When you’re photographing items to sell online, you want to produce the best results possible. A great product photo will make your store look professional and show that you pay close attention to detail. No one wants sloppy presentation, right? Three key factors to take into consideration are aperture, ISO sensitivity and shutter speed. Aperture The aperture is the hole within a lens that determines the amount of light that travels into the camera. If you’re unfamiliar with some of the terms above, just go with an aperture between f/4.5 – f/7.1. In situations where you are unable to work with a plain background and you want to isolate the subject from its background or surrounding elements, a wide aperture (say f/2.8 or lower) will help blur everything that is not within the area you chose to focus on.

Shutter Speed. To Take Better Product Photographs for Free. Choosing the Right ISO Setting for Product Photography - Remove The Background. ISO, an abbreviation that stands for “International Standards Organization,” is your camera’s sensitivity to light. In film photography, ISO is referred to as “film speed.” You have probably seen these numbers on film canisters in the past: 200, 400, 800, etc. Those numbers represent different ISO settings—the lower the number, the less sensitive the film will be to light; the higher the number, the more sensitive the film will be to light. However, because the majority of product photography these days is digital, everything in this article will relate to utilizing your digital camera. In digital photography, the ISO setting on your camera controls the light sensitivity of your camera’s image sensor.

Typically, photographers use ISO settings between 100-1600, though on newer, higher-quality digital cameras, settings go as low as ISO 50 and as high as the 200,000s. Photographing Product – Camera Settings. DSLR in Program Mode. When taking photos on the tripod I don’t want to just snap the shutter, as at these are slower shutter speeds 1/30, 1/40th I might get some camera shake as I press the shutter so I want to put it into drive mode into 2 second self-timer so when I press the shutter button the shot will take 2 seconds after my finger press.

This gives sharper photos as it eliminates camera shake. I could also use a longer time like 2 second or a shutter release cable. Ideally use Manual Mode, allowing me to adjust ISO, Aperture & Shutter Speed. Start with ISO 100, Aperture f8 or f11, you should not go higher than f11 because with a C size sensor it would make the image look softer. Shutter speed needs to go down to 0”6 or 1” or maybe to 1”3 sec. In the review monitor for the camera look for detail in the shot by magnifying it so that you can check. To recap use the lowest ISO possible, the largest depth of field (f number) I can get away with at this focal length. An End-to-End Guide to Light Boxes for Product Photography | Light Stalking. Why Should I Use a Light Box? When photographing small to medium products, it is a good idea to use a light box. This will allow you to have complete control over the subject’s background and lighting.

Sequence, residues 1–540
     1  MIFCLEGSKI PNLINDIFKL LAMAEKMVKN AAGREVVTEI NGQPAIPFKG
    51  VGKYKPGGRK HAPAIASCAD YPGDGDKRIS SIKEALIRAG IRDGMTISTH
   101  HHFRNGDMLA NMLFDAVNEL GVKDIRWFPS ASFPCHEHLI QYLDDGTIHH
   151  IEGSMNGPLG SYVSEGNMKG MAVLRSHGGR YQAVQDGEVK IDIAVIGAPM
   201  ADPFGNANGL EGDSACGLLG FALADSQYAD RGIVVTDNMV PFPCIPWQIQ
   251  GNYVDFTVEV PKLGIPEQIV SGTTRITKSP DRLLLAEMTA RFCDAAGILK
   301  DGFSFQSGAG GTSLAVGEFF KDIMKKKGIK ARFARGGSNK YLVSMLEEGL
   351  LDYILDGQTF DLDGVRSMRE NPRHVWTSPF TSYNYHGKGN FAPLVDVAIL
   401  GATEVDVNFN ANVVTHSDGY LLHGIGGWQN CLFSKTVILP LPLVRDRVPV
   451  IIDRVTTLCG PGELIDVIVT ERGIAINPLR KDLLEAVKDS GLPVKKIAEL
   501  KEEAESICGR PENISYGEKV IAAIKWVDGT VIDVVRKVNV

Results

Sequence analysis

A soft background and even diffused lighting will highlight the product beautifully and has been proven to produce more sales and a higher perceived value. Many common light sources are inherently flawed for this type of photography since they tend to produce uneven lighting, unwanted shadows and incorrect white balance. Your camera’s flash will often overexpose the very front of the subject and slightly underexpose the rest of the image.

Bright, direct sunlight is a bit better for photographing a product, since the white color temperature will usually be more natural. Room lighting is perhaps the most problematic of all. Where Can I Get a Light Box? There are commercially available light boxes of varying sizes and prices, most of which are relatively inexpensive. How to Light the Light Box. 3 Great Ways to Utilize a Light Cube. Product photography: tips for using a light tent for irresistible images. How to Use a Light Tent for Small Product Photography. Products: Light Tents. Damask Love | craft is in session. The Simple Guide to Shooting a Perfectly Lit Product Photo. Product Stands. How To Photograph Your Product to Enhance Your Online Sales in 4 Easy Steps - Digital Photography School.

A Step-By-Step Guide to Shooting Your First Product Photograph - Tuts+ Photo & Video Tutorial. Product Photography Tutorial: How to Shoot Great Photos on the Cheap. 10 Tips for Effective Product Photography for Websites. Ebay Product Photography: Small Indoor Items. Products: The Basic Setup. Reflections on Product Photography - Digital Photography School. Photographing Reflective Objects - Arqspin. How to Photograph Shiny Reflective Objects: Silver Chrome Metal. What Every Beginner Needs to Know About Product Photography | Light Stalking. Adorama. A Primer For Photographing Glass Objects. Photographing Highly-Reflective Products: How to Control Reflections - Remove The Background.

Photographing Product – Reflective Product. 3 Lighting Setups For Apparel Photography That Will Make Your Photos Shine - Remove The Background. Photographing Product – Lighting Options. Product Photography Lighting - Everything you need to know. How to Use a Light Tent for Small Product Photography.